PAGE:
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    Fast Take With... Craig Robins

    Craig Robbins


    Miami developer Craig Robins is CEO and president of real estate company Dacra, which for over 10 years has transformed a once abandoned neighborhood—the Miami Design District—into one of the most important global centers for cutting edge design, fashion, food and art. Robins is also a principal of the Design Miami fair, which he owns in partnership with MCH Swiss Exhibition, the producers of Art Basel. Here, he talks about the significance of this year's edition and what's in store for 2014.


    Interior Design: Can you talk about this year’s edition of Design Miami?


    Craig Robbins: In general the week is getting more exciting. We had a strong week in the Design District. Wednesday night Kanye West was giving a talk in the Moore Building while Pharrell Williams and Takashi Murakami were performing in another building. It was exciting and festive. Design Miami as a cultural happening is growing. I think the biggest challenge is that there’s too much to do.


    ID: I’m sure you don’t want to play favorites but what was the one person, project or event you appreciated the most?


    CR: I’m going to give you a couple. The Prouve Demountable House was unbelievable. The single most powerful example of design and architecture. I also thought Suzanne Demisch’s booth with Maria Pergay in it’s totality was extraordinary. It’s hard to single out one object or exhibitor but those were some of my favorites.


    ID: There were 32, 000 visitors this year. Was there one attendee you were surprised to see there, someone unexpected?


    CR: Great collectors including art collectors were present. Collecting art and design has become more dynamic and interesting. There’s been solid growth and wonderful patronage by the collecting community and many people now come to Art Basel Miami fair for the design show.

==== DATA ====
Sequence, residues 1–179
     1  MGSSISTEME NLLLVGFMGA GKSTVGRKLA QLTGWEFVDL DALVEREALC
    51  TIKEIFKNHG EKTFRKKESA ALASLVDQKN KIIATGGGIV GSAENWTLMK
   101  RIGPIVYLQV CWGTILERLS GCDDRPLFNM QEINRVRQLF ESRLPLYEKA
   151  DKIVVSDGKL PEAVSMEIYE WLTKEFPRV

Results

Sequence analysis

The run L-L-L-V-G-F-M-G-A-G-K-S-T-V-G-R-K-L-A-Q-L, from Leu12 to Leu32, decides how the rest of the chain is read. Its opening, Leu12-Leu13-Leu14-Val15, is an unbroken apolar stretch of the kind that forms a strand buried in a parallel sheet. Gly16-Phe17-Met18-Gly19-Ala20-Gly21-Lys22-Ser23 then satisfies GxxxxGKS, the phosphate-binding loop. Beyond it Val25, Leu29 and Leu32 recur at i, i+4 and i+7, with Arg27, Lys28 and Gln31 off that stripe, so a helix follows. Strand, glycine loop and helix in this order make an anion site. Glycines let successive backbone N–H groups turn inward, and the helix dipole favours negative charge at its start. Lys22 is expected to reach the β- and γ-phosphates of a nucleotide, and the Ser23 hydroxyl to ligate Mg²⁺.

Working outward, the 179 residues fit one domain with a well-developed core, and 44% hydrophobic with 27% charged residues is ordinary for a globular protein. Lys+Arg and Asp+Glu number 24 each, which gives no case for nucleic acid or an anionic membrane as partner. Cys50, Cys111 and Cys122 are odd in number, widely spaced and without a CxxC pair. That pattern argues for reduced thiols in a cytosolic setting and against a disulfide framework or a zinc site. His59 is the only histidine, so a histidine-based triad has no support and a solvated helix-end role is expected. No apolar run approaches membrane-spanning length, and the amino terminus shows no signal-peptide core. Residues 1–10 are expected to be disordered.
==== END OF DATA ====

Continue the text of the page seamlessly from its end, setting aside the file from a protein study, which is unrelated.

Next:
ID: When you started there was a heavy emphasis on “art design” but now there appears to be more collectibles as well as furniture that is also utilitarian. Can you discuss buying for décor vs. investment and how that’s evolved since you launched Design Miami in 2005?


    CR: I never liked the “art design” terminology.  I felt it was misleading. The two disciplines are extremely compatible to be shown side-by-side in a collecting environment but the idea that design had to be relegated to another form of art in order to have value was a mistake. The nice thing for me as a collector, is that it’s both collectible and functional.


    ID: Two pre-fab houses were shown this year including Jean Prouve’s Demountable House and Charlotte Perriand’s La Maison au bord de le’eau. Is there a trend toward architecture as collectible?


    CR: The Serpentine Gallery advocates architecture as a collectible design object when they commission architects to design their pavilion. Design Miami has also commissioned contemporary structures as part of the tent. Aranda Lasch and Snarkitecture and Formless Finder’s installation this year are other examples. In the design district we’ve acquired the original prototype of Buckminister Fuller’s Flys Eye Dome and plan to have that permanently installed.  I think there’s an emerging interest in structure and collectability.


    ID: Pharrell Williams was seen roaming the Design Miami tent. Do you know if he purchased anything and what?


    CR: I’m not sure if he purchased anything. However I do predict he will be getting a wedding gift from Design Miami this year!


    ID: What’s in store for 2014?


    CR: We will be looking at the fair much differently next year. Two key moments will be highlighted in 2014 including the opening of 15 new buildings in the Design District.  That will coincide with the 10th year anniversary of Design Miami. We’re trying to figure out how to make it a truly great moment.

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